Marlene Dietrich (part I)
My day job in Berlin is writing books and – as some of you may know – I am working on a biography of this city, telling its story by recounting the lives of some of its key artists. It’s no surprise that among those I’ve chosen is Marlene Dietrich, one of the greatest movie actresses and performers of the twentieth century. She was born just down the road from my apartment, in Schöneberg in 1901. I had the privilege of working on her last film in 1978. As I am now writing my book’s Dietrich chapter, I want to share with you – in two parts — the story of that remarkable two days shoot.
In the late Seventies I was assistant to David Hemmings, the English actor who had starred in Antonioni’s Blow-Up as well as dozens of other films. Hemmings was offered the chance to direct a picture in Berlin – the most expensive movie ever then made in Germany — and he asked me to come along with him. I took one look at the cast list and agreed.
The picture was called Just a Gigolo. It told the story of a young Prussian officer after the defeat of the First World War. In an attempt to regain his lost honour, the officer joined the ranks of the handsome, aristocratic Eden Hotel gigolos. The officer was to be played by David Bowie.
Marlene Dietrich was considering appearing in the film, playing the Madame of the Eden Bar. At the time she was 77 years old, a recluse, living in isolation in Paris. Seventeen years had passed since her last appearance in a film. Fifty years since von Sternberg had cast her in The Blue Angel. It took the producer six months to convince her to play the part for us. Every time we telephoned her apartment, a woman would breath into the receiver. ‘This is the maid. Madame is lunching in Versailles.’ The maid was Dietrich, of course.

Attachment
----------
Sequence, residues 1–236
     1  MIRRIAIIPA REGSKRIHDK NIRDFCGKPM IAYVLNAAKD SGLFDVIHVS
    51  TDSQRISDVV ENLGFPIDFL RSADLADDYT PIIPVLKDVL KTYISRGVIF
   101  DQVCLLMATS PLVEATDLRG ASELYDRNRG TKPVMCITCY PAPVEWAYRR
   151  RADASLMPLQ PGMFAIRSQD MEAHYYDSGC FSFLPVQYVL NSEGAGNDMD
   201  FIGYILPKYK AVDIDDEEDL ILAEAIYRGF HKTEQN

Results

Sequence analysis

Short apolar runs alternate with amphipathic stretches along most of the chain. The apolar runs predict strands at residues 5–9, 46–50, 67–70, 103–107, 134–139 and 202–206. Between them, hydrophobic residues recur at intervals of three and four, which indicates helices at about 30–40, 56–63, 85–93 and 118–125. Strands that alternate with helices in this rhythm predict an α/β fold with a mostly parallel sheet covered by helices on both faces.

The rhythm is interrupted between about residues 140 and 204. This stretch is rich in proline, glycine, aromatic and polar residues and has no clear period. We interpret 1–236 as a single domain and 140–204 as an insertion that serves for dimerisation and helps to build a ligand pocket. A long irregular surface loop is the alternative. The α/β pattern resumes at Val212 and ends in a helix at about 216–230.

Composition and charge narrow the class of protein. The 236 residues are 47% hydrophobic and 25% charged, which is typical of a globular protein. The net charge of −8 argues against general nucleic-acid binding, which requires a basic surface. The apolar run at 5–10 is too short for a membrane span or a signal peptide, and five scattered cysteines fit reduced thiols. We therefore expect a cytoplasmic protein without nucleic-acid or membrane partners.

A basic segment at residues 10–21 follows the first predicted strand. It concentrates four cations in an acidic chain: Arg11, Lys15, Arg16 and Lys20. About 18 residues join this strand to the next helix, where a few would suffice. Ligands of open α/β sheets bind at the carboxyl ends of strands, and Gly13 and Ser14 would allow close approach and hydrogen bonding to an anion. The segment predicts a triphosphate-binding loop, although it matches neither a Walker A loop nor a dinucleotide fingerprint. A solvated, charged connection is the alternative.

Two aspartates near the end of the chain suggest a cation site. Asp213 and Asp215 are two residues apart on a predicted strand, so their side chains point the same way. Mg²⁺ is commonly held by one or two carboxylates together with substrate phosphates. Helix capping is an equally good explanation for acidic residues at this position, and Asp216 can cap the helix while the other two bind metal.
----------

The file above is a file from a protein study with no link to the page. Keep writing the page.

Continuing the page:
We were told that she was too busy, that she was writing her memoirs and couldn’t leave Paris. In truth she was frightened of being unable to live up to her legend, frightened of the toll of years. But in the end the chance to sing on screen one of the songs from her cabaret days proved too enticing. She agreed, on condition that we brought Berlin to her; German technicians, two tons of equipment and the complete set of the Eden Hotel.
The old woman who mounted the steps of the suburban Parisian studio brought back no memories of Shanghai Express. She wore a tired denim suit and hid by the door. Her lips quivered as we were introduced to her. She refused to take off her dark glasses. The make-up artist moved to her side, and spirited her away into the dressing room.
Two hours passed before she reappeared, wearing a wide brim hat and deep veil over her face. In costume she began to find her confidence, the clothes helping to ease her into the role. She walked onto the set without assistance, sat down and let her long skirt — split to the thigh — slip open. A woman of half her age would have been delighted with those legs. As the crew tried not to stare, a smile fleeted across her face.
Before the song a few lines of dialogue had to be shot. In the scene Dietrich recruits Bowie as a gigolo. But Bowie was not on the set. He wasn’t even in France. His part of the scene — the ‘reverse’ — had already been shot in Berlin. The two actors would come together only in the editing room. Hemmings stood in for Bowie, feeding Dietrich her cues. But she was not pleased. Bowie was one of the reasons she had agreed to play the part.
‘Do they pay you extra for this crap?’ she snapped at Hemmings. ‘We learnt this old trick from Mack Sennett.’
The anger swelled her confidence, rather than undermining it. Raymond Bernard, her pianist, helped, filling the pauses between shots by playing Falling in Love Again. Dietrich stood by the piano and listened. Then insisted on its retuning, for the third time that day. ‘Otherwise – you know what people are,’ she said, ‘they will be sure to think it’s me.’
The lights were checked, again. Exposure and focus set, again. As she would only sing once, we decided to run two cameras. I was asked to operate the second one. We took our positions, settled ourselves, waited for, ‘Quiet please. Turn over. Sound rolling. Speed. Mark it. Scene 503 take 1. And action…’